Abuse is about having power over someone. Abusers typically want to feel superior and to control and dominate. To them, communication is not about understanding. It’s a win-lose game. They use verbal abuse and/or violence to accomplish this. They’re frequently self-centered, impatient, unreasonable, insensitive, unforgiving, lack empathy, and are often jealous, suspicious, and withholding. Their moods can shift from fun-loving and romantic to sullen and angry. Some punish with anger, others with silence–or both. It’s often “their way or the highway.”
They can be bullies. Typically, abusers deny any responsibility and shift blame to their loved ones and co-workers. The one thing they all have in common is that their motive is to have the upper hand. This is because they don’t feel that they have personal power, regardless of worldly success. Often, they behave the way they were treated growing up, and their insecurity, shame, and rage from childhood drives them.
Allowing abuse damages our self-esteem. To respond effectively requires support. It’s difficult to face it without others who will validate our reality. This is especially true if we’ve been abused for any length of time. Without outside support, our compromised self-esteem leads to self-doubt, insecurity, isolation, and increased dependency on the abuser.
Common Mistakes that Escalate Abuse
It’s important to understand the motives and mindset of an abuser; otherwise, victims of abuse commonly make the following mistakes that contribute to more abuse.
- Appeasement. Most victims try to placate an abuser to de-escalate conflict and anger. This tactic only empowers the abuser, who sees it as weakness and an opportunity to exert more control. Pleading sends the same message.
- Arguing. Verbal fights with an abuser lead to more resentment on both sides. As anger escalates, so does abuse. Nothing is gained. You lose and can end up feeling more victimized, hurt, and hopeless.
- Explaining and Defending. When you’re wrongly blamed or attacked, trying to defend and explain yourself, beyond a simply denying a false accusation, leaves you open to more abuse. This behavior is often based on a desire to seek the abuser’s approval. However, the motive of the abuser is to have power over you. So if you’re seeking approval, this dovetails with the abusers M.O. Thus, explaining and defending yourself sends this message: “You have power over my self-esteem. You have the right to approve or disapprove of me. You’re entitled to be my judge (i.e., parent).”
- Seeking understanding from the abuser. This is a futile objective, yet drives the behavior of victims who desperately want to be understood. They mistakenly believe or hope that the abuser is interested in understanding them, while the abuser is only interested in winning a conflict and having the superior position. Arguing over the facts is thus irrelevant. Most abusers aren’t interested in the facts, only justifying their position and being right.
- Criticizing. Because abusers are basically insecure, although they may act tough, inside they’re fragile. They can dish it, but can’t take it. Some abusers, especially narcissists can react to personal criticism with rage and vindictiveness. It’s more effective to confront abuse directly. Be assertive and communicate your needs. It’s fine to name abuse for what it is.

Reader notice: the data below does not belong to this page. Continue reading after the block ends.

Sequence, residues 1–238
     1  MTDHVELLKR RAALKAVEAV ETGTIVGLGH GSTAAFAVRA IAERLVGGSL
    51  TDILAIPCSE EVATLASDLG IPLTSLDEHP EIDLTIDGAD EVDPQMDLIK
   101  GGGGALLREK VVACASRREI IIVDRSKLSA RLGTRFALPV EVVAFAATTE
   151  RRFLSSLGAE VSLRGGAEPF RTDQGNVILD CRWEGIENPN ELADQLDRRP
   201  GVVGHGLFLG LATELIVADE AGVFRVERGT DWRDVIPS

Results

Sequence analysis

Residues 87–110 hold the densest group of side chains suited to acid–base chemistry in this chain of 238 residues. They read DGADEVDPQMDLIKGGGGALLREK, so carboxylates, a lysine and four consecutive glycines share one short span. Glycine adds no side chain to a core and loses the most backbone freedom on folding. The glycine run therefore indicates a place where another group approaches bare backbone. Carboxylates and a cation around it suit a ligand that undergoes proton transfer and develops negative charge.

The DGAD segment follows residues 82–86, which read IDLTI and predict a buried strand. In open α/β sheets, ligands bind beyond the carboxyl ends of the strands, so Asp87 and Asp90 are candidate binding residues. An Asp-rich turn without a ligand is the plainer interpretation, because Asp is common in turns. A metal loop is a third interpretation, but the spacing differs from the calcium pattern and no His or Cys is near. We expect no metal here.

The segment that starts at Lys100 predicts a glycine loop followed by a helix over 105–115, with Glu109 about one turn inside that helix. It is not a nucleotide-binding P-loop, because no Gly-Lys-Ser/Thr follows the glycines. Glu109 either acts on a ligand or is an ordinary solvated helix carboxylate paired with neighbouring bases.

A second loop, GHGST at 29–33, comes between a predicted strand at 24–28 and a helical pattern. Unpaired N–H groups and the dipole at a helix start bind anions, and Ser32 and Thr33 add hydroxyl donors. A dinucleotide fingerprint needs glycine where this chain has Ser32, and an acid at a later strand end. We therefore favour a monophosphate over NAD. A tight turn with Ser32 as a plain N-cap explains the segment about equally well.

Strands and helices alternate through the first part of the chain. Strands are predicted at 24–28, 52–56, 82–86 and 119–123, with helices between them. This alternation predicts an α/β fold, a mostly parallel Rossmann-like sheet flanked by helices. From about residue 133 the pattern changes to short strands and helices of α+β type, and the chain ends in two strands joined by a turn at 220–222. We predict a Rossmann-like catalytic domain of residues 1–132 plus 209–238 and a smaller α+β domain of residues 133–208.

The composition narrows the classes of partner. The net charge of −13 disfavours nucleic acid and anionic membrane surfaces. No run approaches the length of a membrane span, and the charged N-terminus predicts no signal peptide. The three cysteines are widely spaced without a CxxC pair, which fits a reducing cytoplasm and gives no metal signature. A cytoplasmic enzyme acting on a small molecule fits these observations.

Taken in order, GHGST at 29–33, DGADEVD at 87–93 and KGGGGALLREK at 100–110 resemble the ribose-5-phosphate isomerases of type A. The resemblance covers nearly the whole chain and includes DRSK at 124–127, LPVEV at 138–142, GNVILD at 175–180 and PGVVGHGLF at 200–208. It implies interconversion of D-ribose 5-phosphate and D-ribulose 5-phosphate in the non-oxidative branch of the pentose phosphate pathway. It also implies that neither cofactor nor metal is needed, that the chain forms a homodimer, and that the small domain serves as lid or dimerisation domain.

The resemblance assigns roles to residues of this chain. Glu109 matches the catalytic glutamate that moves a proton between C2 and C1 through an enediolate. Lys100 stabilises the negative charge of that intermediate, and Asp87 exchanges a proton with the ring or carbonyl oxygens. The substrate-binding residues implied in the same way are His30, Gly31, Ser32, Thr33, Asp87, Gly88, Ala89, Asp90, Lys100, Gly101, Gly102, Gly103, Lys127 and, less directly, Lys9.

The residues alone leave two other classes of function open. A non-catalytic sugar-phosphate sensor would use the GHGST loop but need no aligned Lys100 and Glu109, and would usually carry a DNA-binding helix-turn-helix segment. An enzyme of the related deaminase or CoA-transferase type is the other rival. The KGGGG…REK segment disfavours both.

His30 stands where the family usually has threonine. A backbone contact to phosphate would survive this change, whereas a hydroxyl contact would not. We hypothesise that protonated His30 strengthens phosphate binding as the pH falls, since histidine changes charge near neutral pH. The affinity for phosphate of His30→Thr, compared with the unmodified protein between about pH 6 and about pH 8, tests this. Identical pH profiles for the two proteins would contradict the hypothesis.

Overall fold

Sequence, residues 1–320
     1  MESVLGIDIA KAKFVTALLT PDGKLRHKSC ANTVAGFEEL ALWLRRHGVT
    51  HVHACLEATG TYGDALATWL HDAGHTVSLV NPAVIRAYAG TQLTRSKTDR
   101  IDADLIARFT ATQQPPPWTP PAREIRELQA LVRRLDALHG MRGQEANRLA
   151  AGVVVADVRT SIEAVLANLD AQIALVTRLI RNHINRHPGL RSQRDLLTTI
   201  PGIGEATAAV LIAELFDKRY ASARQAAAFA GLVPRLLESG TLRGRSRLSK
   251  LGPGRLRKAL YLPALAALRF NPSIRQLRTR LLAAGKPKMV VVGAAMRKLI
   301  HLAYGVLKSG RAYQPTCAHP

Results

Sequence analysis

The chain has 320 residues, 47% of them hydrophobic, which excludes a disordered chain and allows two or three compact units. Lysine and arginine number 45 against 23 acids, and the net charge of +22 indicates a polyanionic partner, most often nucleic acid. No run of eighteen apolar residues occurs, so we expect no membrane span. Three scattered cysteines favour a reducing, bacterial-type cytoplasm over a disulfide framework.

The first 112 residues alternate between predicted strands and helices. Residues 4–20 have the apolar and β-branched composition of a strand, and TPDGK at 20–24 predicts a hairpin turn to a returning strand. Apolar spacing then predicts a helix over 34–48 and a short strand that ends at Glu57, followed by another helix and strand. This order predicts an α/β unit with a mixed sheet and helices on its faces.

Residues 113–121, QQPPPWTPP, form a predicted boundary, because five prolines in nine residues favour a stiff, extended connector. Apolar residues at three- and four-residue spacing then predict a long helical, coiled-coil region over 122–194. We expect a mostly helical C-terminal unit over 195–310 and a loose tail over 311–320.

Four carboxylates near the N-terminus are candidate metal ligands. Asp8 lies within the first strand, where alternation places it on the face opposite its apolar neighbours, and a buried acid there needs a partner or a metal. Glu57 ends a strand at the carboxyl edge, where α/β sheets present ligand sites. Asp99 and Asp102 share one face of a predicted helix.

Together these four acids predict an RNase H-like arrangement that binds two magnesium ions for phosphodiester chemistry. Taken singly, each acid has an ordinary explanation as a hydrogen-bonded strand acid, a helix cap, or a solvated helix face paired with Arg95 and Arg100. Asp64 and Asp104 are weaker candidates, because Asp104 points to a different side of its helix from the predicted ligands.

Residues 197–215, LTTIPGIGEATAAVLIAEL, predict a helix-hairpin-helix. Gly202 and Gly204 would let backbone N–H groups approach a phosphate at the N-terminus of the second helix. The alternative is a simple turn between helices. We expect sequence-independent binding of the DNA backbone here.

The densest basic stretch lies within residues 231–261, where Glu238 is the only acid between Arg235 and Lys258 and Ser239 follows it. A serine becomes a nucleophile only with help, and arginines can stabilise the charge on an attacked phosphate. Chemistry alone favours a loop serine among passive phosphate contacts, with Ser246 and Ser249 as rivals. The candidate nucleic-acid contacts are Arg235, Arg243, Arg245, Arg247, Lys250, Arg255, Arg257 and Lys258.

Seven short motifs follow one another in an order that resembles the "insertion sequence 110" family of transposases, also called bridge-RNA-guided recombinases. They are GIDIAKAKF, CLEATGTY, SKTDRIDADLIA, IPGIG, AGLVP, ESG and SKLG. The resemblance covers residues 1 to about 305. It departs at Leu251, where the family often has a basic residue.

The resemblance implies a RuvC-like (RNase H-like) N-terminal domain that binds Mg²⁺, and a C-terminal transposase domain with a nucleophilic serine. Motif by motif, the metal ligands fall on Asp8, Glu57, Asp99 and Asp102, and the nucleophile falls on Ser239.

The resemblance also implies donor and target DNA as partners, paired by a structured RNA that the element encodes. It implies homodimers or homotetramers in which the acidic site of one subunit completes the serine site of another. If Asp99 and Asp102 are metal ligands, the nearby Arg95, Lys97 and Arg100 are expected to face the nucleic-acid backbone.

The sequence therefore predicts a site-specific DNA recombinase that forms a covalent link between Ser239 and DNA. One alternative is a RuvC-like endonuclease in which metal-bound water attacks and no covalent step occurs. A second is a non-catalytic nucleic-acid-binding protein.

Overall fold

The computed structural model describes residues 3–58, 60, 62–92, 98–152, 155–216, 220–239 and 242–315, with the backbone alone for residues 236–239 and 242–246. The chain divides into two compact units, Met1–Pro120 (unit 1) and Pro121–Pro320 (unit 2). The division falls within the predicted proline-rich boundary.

Effective Strategies for Dealing with Abuse
There are effective ways to deal with abuse, although they aren’t our gut reaction. They require education and forethought. Here are positive steps you can take.
- Get information. Learn all you can about emotional abuse and codependency. People in abusive relationships tend to be codependent. Get Codependency for Dummies.
- Get support. Individual therapy, as well as attending 12-Step meetings, such as Al-Anon or CoDA, can be immensely helpful. If you’re being physically abused, get information about legal resources, hotlines, and shelters in your area, and read more tips.
- Detach. Learn to not react or take personally the words and actions of an abuser. Not reacting is the first step toward empowerment. See “How Not to be a Victim.”
- Raise your self-esteem. This will help you trust your reality, give your more options, and empower you to confront abuse. Begin by stopping any self-criticism, and then take action to rebuild your self-worth. Read 10 Steps to Self-Esteem-The Ultimate Guide to Stop Self-Criticism and watch the webinar How to Raise Your Self-Esteem.
- Become assertive. Learn to be assertive, rather than passive, placating, nagging, criticizing, or aggressive. Get How To Speak Your Mind―Become Assertive and Set Limits and the webinar How to Be Assertive.
- Set Boundaries. Learn to set boundaries. (Also explained in the resources in #5.) If you think you have done so, but that they’re not working, read “10 Reasons Why Boundaries Don’t Work.”
- Be Strategic. If you’re dealing with someone highly defensive or with a personality disorder, there are specific strategies to having an impact. Read Dealing with a Narcissist: 8 Steps to Raise Self-Esteem and Set Boundaries with Difficult People.
© Darlene Lancer 2018